“Our focus is on expanding the employment and financial opportunities available to young people,” said Tariq Pasha Saqqaf, youth programs director at CWD. “Especially those teens from poor families, it’s not just about improving their education but increasing their knowledge.”
Capital Region Business Journal, Gardening, Madison, Magazines / 17.03.2010

Jesse Kurzicki is one of those rare kids who loves eating his vegetables, and not just the peas and carrots his mom piles on his supper plate. The 7th grader enjoys garden produce he grows himself. “I grew up with gardens,” Kurzicki said. “Strawberry gardens my mom loves so much. And my dad who lives up north has a garden with corn and beans and carrots. All the green that comes from them, I think they’re great!” At 12 years-old Kurzicki is a member of the Sherman Middle School garden club. This after school program provides a small plot of land for the cultivation of vegetables. There students can grow everything from tomatoes to broccoli to cucumbers. But in addition to offering a fun outdoor activity, the garden club also helps young people acquire a taste and an appreciation for fresh nutritious food.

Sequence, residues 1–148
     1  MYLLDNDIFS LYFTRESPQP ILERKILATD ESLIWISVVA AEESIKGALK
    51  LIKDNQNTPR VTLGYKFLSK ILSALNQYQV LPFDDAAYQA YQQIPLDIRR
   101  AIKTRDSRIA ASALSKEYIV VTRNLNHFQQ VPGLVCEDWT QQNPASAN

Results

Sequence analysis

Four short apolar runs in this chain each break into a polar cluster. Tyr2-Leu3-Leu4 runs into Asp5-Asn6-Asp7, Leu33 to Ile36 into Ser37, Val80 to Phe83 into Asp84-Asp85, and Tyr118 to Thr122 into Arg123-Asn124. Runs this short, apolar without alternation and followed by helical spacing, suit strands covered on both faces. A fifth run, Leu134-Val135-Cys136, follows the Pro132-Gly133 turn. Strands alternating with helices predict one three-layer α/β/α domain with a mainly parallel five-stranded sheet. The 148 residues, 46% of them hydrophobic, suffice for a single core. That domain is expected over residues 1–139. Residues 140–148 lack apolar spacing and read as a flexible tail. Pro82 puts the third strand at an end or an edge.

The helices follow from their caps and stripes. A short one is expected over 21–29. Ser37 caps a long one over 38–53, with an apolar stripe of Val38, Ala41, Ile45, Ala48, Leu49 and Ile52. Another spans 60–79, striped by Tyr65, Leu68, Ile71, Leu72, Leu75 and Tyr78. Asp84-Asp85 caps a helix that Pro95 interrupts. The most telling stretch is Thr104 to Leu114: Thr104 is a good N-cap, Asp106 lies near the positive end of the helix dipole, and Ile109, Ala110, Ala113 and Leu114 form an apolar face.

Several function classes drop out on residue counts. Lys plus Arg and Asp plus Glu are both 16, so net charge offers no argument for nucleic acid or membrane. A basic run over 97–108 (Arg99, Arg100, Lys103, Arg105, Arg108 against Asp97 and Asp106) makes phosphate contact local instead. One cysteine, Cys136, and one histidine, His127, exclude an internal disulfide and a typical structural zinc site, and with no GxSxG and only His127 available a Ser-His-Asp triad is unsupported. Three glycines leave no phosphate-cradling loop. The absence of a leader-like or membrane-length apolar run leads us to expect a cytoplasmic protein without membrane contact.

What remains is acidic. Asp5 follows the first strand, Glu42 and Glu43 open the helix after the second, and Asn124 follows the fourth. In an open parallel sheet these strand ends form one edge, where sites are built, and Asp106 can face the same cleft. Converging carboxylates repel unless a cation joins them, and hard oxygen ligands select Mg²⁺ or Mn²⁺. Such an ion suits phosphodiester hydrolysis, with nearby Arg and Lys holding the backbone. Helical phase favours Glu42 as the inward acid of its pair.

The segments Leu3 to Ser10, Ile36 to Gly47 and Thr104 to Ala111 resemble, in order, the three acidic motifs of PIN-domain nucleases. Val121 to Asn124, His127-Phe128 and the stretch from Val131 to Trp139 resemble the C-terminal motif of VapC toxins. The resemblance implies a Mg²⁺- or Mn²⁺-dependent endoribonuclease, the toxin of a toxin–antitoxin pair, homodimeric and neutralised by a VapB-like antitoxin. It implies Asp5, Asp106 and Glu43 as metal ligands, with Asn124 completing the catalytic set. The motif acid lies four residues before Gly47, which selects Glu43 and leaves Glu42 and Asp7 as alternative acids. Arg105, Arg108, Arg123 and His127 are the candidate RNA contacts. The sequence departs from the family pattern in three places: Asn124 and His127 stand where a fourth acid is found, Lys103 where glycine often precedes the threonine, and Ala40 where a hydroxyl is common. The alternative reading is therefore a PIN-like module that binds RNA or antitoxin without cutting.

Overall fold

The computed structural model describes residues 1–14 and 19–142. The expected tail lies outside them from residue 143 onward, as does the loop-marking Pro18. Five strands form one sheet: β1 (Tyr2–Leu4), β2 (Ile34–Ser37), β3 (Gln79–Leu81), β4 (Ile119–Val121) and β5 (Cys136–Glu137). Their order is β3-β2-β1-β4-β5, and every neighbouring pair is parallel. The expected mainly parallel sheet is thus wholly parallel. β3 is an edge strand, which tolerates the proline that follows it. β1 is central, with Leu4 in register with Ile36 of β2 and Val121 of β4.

Capital Region Business Journal, Charitable Giving, Madison, Magazines / 11.03.2010